Heading off to college is an exciting time. However, it can also be anxiety-inducing; many new college freshmen have no idea what they want to major in. And the idea of declaring a major may feel overwhelming due to the unspoken pressure to choose a career path as a teenager. Still, it’s okay—even potentially beneficial—to start college without a predetermined plan.
If you don’t know what major to choose, or you are unsure a particular field of study is for you, it might be in your best interest not to declare right away.
Here are some pros and cons of not declaring a major before or during your first year at college.
Pros of Not Declaring a Major
You might feel pressured by friends or well-meaning family members to choose a major as soon as possible. It can be awkward having to explain that you just aren’t sure. However, not declaring right away can be a smart decision.
Freedom to Explore
You may truly be undecided about what you’d like to study. Rather than hastily declare a major in an area that you’re unsure of, take some time to explore. An undecided major gives you time to take courses you may not have otherwise considered taking.
When you declare a major, your course of study may be laid out for all four years, with little wiggle room for extra academic pursuits. By remaining undeclared in your first year, on the other hand, you are free to browse the course catalog and investigate any classes that catch your eye. If you have this opportunity, try out a variety of disciplines to see if any are a good fit for you.
Many students think that declaring a major on their application improves their chances of acceptance. But if you’re unsure, don’t worry. Applying to colleges as ‘undecided’ or ‘undeclared’ does not affect your chances.
In a university podcast, Chrissy Findlay, associate dean of Admissions at Bucknell University, explained that being undeclared is not a negative. She stated she enjoys “reading the undeclared applications” and views these students as “open-minded and curious” with a “willingness to invest time to explore what inevitably interests and excites them.”
Build a Strong GPA
A declared major can make it difficult to get into competitive programs at a college, especially if your grades in high school were lower than you’d like.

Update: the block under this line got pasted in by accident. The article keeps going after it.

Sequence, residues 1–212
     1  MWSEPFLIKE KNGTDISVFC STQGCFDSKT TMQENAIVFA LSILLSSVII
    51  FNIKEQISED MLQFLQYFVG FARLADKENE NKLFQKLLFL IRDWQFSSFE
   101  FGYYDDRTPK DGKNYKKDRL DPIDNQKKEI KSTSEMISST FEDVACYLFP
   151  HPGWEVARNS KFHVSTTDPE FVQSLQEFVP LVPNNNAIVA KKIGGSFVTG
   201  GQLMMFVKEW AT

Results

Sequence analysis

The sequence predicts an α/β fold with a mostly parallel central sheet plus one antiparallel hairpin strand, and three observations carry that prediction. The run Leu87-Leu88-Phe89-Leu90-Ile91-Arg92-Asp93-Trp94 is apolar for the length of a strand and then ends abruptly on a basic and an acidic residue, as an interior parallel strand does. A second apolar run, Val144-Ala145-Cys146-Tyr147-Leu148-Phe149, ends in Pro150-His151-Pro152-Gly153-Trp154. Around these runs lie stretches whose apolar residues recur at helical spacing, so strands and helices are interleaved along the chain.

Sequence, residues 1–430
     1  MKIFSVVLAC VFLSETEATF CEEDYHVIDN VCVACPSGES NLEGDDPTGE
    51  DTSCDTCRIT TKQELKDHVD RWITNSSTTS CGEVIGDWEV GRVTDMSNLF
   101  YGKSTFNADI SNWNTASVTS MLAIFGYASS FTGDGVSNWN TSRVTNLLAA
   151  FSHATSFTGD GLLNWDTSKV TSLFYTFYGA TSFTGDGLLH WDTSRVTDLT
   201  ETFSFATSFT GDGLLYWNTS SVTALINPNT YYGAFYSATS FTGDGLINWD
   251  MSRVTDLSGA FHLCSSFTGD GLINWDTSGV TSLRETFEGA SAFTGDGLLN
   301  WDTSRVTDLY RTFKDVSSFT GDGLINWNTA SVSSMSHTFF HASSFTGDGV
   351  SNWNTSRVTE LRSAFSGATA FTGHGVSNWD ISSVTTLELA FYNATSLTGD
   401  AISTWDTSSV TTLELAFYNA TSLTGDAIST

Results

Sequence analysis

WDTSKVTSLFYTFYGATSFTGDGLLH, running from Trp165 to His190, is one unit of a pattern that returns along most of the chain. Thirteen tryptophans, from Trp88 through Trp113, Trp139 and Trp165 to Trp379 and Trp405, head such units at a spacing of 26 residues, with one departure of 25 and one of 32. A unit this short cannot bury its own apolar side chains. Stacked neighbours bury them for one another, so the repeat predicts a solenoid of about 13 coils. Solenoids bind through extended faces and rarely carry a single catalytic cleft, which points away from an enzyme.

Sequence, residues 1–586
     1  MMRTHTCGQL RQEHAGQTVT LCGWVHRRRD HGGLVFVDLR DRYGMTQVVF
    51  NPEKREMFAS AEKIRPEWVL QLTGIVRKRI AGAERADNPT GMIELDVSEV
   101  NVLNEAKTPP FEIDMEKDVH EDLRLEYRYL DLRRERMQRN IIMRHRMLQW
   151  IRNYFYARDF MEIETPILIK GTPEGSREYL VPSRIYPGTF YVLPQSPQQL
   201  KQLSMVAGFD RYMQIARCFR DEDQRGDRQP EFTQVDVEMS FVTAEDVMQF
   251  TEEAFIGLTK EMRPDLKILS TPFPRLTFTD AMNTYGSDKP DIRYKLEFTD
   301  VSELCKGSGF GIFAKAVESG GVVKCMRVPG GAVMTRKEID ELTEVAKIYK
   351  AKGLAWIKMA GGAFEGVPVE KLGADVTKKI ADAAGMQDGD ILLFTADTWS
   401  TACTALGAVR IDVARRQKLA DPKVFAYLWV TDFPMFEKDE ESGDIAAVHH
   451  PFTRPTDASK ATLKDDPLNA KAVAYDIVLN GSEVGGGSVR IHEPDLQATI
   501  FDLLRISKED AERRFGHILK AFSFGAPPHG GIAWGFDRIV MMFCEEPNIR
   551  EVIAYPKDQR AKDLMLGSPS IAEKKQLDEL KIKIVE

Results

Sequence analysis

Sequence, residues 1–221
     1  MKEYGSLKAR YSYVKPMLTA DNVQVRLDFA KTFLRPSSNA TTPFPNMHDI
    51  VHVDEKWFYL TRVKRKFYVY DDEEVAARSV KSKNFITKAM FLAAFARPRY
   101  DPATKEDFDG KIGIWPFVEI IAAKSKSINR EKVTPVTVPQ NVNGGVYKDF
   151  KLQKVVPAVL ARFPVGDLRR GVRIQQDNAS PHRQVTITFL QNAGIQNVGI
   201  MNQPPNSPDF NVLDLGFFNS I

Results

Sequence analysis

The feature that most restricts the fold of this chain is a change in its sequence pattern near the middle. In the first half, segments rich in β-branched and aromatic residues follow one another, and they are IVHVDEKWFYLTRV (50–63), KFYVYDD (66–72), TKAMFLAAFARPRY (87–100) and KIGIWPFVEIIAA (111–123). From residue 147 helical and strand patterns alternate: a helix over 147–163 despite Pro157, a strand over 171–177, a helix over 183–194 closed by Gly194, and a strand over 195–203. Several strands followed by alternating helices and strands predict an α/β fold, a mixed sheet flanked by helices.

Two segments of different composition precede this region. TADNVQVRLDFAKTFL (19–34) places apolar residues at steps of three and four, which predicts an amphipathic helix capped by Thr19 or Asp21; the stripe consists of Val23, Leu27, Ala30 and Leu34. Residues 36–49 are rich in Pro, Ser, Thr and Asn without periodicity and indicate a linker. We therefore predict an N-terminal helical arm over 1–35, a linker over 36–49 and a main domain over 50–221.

For many universities, when you declare a major on your application, you are applying directly to that department. But if they only accept a limited number of students for the major, a lower GPA can hurt your chances. Applying with an undeclared major can give you time to prove yourself and your abilities at the college level.
Nonetheless, be sure to do your research on each college of interest’s rules before you make a decision—not all departments make it easy, or possible, to transfer in later on.
Cons of Not Declaring a Major
While there are many good reasons for not declaring a major the first year, you might miss out on some advantages that come with having a specific major from the get-go.
With an undecided major, you may not have the same access to all courses. Certain seats in high-enrollment classes, especially core requirements for a major, may be reserved for students who have declared. This helps ensure the students who need those classes to graduate can take the course in time.
In addition, waiting to declare a major leaves you fewer semesters to complete your required classes, with potential scheduling difficulties posing a more severe setback. If a required course is full, it can have a cascading effect on when you can take other classes.
Many colleges have special dorms for students with similar majors which are called living-learning communities. There are advantages to declaring a major and therefore gaining the chance of getting into one.
Students in living-learning communities tend to do better academically. They support one another in shared classes and activities. For freshmen and sophomores, this is a great way to build a network of friends who encourage you to be your best.
Miss Out on Some Financial Aid
Some colleges may have scholarships available only to specific departments. If you stay undeclared your first year, you won’t be eligible for them. And for students relying heavily on financial aid to attend college, every bit helps.
Declared or Undeclared: Your Decision
In the end, only you can know if declaring a major is the right thing to do.
If you are unsure about what you want to study, know that being an undeclared student won’t derail your college career. And it may even help you find a passion for a subject you never considered! Not to mention, you can talk it out with an expert to make sure you’re still on track for your goals. Set up an exploratory call with an Empowerly representative to learn more.